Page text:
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Election – who shall I vote for??

No – we aren’t telling you who to vote for!  But hopefully giving you some guidance how to use the somewhat complicated Holyrood voting system to vote for the result you’d like…

Our main election article covers manifestos, candidates, our ‘asks,’ and other material about cycling and the election.   However, this new article aims to advise how to make the best use of the Holyrood voting system.

At the vote – you will be given two voting papers…

  • A constituency vote – here you vote for a candidate for your local constituency (e.g. Edinburgh Central, or Midlothian)
  • A regional list vote – here you vote for a party not a person.   The results of this vote go through a complicated formula to select 7 MSPs for your Region (e.g. Lothian) using lists of candidates drawn up by each party.  You don’t need to understand how it works (but if you want to, see this Scottish Parliament factsheet).

Before the vote – make your decisions, as follows…

1. Find your constituency
  • Enter your postcode here
2. Find out about party policies and candidates
  • Of course, you are probably concerned about a range of subjects…
3. If you vote purely on principle and aren’t worried about ‘wasting’ your vote…
  • Your constituency vote – vote for your favourite candidate (either because you like them or because you like their party’s policies, or whatever combination of reasons)
  • Your regional list vote – vote for your favourite party
4. If you vote tactically, i.e. you want to have the best chance of actually influencing the outcome…
  • Your constituency vote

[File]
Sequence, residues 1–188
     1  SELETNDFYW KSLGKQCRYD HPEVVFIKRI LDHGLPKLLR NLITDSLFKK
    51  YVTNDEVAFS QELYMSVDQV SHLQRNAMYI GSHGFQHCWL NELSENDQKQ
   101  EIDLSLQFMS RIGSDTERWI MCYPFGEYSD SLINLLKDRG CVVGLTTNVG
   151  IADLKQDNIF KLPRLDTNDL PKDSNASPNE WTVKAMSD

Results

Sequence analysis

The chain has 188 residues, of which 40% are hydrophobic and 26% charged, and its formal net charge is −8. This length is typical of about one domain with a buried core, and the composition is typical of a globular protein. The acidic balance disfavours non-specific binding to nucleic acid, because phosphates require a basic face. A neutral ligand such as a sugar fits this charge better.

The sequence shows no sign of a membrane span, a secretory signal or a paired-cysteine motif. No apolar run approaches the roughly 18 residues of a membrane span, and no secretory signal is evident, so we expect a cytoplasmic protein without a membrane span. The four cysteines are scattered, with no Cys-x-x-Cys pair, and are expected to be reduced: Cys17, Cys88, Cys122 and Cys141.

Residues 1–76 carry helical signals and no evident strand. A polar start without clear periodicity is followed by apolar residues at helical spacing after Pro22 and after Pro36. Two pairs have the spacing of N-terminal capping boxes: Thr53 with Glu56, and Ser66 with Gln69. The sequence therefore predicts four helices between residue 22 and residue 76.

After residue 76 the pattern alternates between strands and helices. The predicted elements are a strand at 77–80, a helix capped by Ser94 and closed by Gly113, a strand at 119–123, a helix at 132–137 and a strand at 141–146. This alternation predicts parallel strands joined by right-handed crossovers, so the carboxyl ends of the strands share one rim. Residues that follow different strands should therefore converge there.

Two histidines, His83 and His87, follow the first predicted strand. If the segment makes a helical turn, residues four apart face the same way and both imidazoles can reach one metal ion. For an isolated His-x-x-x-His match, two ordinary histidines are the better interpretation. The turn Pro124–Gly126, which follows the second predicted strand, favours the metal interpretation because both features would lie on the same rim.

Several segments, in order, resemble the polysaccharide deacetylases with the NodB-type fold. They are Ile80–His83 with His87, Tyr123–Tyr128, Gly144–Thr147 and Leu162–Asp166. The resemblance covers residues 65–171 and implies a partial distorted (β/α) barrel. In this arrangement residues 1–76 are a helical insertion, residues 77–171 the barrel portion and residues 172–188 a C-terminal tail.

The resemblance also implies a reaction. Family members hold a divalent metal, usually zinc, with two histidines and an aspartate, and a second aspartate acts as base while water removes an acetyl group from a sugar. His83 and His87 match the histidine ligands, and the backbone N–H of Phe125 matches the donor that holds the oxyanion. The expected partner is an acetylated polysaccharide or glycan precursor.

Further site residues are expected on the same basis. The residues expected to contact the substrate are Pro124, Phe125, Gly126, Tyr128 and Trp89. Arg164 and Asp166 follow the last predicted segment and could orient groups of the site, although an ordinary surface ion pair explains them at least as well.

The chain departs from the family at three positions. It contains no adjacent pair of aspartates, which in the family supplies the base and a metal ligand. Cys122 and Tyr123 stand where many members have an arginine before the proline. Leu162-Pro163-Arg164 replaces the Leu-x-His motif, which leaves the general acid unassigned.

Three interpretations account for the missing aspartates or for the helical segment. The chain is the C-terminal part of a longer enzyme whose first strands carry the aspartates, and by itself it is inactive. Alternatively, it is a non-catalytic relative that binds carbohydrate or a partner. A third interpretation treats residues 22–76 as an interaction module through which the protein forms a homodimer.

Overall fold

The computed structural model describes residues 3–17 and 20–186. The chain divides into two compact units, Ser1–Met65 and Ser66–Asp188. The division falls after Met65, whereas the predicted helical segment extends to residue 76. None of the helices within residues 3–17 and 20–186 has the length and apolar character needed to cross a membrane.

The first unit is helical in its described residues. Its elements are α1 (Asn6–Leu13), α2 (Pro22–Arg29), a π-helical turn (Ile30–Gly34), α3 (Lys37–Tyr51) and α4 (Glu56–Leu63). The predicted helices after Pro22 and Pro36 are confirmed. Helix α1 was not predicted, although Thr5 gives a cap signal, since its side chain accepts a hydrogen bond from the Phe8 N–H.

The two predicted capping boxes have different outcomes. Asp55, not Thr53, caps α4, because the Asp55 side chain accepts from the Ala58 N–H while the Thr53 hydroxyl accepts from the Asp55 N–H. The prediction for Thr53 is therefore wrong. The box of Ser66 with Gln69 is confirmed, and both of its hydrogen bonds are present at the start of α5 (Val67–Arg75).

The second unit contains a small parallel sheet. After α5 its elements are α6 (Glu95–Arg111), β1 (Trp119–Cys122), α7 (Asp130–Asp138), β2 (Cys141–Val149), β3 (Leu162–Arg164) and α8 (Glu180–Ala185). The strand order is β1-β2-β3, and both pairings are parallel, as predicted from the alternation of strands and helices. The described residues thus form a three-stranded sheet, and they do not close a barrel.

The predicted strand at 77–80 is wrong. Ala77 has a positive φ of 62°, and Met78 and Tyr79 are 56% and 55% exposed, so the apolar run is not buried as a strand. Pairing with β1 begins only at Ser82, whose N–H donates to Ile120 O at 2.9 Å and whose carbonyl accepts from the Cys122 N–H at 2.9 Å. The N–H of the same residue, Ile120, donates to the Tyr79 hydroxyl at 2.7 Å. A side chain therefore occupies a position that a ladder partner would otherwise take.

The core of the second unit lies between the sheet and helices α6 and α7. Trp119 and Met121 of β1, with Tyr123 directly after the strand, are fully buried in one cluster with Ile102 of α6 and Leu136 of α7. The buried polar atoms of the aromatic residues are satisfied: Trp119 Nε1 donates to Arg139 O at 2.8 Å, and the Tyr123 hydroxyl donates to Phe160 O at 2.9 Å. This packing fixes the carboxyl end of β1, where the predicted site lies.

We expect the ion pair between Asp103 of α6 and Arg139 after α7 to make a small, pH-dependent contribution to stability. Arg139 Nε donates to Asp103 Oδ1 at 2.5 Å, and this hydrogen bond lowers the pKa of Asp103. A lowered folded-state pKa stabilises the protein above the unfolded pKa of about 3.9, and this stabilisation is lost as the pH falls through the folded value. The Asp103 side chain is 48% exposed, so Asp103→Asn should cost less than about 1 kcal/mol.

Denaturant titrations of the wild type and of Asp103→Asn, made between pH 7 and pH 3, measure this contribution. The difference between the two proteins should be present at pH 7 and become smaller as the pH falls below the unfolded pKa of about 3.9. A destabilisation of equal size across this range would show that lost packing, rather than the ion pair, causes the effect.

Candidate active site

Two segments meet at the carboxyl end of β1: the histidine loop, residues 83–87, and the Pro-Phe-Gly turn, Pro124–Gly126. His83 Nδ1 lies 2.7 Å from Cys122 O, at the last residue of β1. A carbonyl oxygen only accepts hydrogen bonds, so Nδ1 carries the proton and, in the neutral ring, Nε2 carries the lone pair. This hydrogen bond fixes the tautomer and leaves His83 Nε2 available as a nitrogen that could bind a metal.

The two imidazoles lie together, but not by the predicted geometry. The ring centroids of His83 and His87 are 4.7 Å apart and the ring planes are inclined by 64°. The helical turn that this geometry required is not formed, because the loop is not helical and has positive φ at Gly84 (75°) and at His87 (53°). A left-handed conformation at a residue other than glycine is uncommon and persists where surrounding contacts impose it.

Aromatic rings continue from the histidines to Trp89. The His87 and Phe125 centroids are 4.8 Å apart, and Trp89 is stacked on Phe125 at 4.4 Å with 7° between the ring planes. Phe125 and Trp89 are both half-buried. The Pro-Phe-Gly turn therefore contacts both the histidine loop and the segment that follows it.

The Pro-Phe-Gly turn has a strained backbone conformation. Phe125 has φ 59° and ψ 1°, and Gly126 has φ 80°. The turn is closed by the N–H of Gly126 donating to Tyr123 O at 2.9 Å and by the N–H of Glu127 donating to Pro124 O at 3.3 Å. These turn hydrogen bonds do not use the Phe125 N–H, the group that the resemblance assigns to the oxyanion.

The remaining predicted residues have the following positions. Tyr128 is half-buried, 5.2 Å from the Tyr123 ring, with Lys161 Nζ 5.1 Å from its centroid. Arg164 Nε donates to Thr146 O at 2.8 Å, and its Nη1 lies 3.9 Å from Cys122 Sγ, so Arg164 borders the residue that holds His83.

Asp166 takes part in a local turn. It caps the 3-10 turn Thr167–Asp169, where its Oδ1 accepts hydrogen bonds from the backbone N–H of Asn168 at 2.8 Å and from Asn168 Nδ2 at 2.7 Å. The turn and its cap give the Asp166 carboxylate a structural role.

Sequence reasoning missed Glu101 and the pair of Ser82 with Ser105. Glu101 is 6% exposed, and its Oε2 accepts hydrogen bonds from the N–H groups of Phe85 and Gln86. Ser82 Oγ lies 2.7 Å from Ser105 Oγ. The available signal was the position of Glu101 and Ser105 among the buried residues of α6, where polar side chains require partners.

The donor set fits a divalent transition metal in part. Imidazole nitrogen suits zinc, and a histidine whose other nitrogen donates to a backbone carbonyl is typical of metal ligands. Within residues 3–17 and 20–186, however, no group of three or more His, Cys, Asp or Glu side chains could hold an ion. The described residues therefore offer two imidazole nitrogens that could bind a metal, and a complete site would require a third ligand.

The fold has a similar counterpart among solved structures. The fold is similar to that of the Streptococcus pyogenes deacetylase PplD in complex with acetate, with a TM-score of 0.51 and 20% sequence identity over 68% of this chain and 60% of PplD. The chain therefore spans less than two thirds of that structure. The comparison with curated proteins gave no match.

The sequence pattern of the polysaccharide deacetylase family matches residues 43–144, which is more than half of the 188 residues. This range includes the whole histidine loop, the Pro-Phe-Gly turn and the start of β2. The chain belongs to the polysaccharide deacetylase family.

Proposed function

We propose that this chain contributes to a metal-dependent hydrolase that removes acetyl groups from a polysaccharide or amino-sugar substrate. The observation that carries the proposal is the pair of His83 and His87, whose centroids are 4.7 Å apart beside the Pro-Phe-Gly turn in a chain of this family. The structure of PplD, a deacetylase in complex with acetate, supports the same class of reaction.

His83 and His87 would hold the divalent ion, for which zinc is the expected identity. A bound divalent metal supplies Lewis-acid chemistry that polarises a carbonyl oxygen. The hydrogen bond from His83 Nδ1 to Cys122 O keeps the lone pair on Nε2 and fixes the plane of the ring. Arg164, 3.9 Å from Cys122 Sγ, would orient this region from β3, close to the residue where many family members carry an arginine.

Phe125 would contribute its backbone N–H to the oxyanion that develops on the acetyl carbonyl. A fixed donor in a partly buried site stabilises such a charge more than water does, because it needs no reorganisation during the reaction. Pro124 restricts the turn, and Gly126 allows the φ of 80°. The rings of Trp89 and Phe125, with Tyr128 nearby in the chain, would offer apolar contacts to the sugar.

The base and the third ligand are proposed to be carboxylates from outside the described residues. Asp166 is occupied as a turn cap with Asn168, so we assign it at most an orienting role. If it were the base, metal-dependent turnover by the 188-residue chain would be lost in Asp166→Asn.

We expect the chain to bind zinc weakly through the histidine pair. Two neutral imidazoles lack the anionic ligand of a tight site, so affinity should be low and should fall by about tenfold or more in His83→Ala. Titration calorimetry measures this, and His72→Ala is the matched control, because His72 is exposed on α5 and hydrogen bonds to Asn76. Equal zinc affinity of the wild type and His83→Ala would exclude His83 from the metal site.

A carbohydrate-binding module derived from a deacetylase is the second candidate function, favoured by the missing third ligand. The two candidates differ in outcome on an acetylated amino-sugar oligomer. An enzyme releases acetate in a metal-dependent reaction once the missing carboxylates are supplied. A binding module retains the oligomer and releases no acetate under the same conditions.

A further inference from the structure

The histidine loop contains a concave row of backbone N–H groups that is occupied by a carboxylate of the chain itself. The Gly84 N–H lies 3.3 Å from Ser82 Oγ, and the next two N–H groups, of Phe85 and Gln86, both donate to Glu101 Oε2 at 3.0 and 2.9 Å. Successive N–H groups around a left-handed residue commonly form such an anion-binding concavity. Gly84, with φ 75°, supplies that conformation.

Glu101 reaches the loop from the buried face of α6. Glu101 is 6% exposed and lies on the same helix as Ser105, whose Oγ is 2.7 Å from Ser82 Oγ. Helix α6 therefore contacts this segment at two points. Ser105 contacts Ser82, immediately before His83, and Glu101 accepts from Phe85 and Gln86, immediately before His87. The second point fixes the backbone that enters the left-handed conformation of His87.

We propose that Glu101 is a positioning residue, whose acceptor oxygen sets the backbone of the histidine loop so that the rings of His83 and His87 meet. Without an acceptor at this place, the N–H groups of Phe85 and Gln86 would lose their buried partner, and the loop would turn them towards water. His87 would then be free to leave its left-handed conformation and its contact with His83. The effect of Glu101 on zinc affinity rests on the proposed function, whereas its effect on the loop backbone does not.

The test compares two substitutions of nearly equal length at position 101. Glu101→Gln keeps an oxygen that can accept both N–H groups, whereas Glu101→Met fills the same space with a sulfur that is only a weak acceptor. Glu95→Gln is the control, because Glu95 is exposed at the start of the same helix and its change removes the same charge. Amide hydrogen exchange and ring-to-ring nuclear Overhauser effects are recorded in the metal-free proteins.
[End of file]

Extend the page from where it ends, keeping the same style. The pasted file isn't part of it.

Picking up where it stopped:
• Decide which 2 or more parties are most likely to have a realistic chance in your constituency.   One clue is to check the votes for your constituency at the 2011 election [excel spreadsheet – NB if you get lost in it, make sure you are at the tab called Const Vote 11].  Of course, things have changed a lot since 2011, so use any other info that is at hand to decide who are likely to be the top 2 (or 3) candidates in your constituency.
    • Having decided which 2 (or 3) candidates have the best chance of being elected in your constituency, decide which of those contenders you prefer.  To help you decide, see 2 above.   Vote for that candidate.
  • Your regional list vote –
    • The general rule here is that you vote for your preferred party since in most parts of Scotland most of the main parties (including the Greens) have a good chance of winning one or more regional list seats.  To help you decide which party you prefer, see 2 above.
    • The only exception – and it is contentious – is that in a region such as Lothian where it is widely expected that the SNP will win every constituency seat (or, possibly, all but one seats) the SNP will then have no hope of winning any regional seats because of the way the regional list formula works.  This argument is put forward strongly in section 3 of a report for the Electoral Reform Society by election expert Prof John Curtice.  If you accept his argument, then a vote for the SNP on the regional list will have no effect, so even if you support the SNP you are better to vote for your next most favourite party.   The main argument against is that if the polls are badly wrong, and the SNP miss out on 2 or 3 constituency seats, then the formula would give them a chance to pick up a regional list seat.

 

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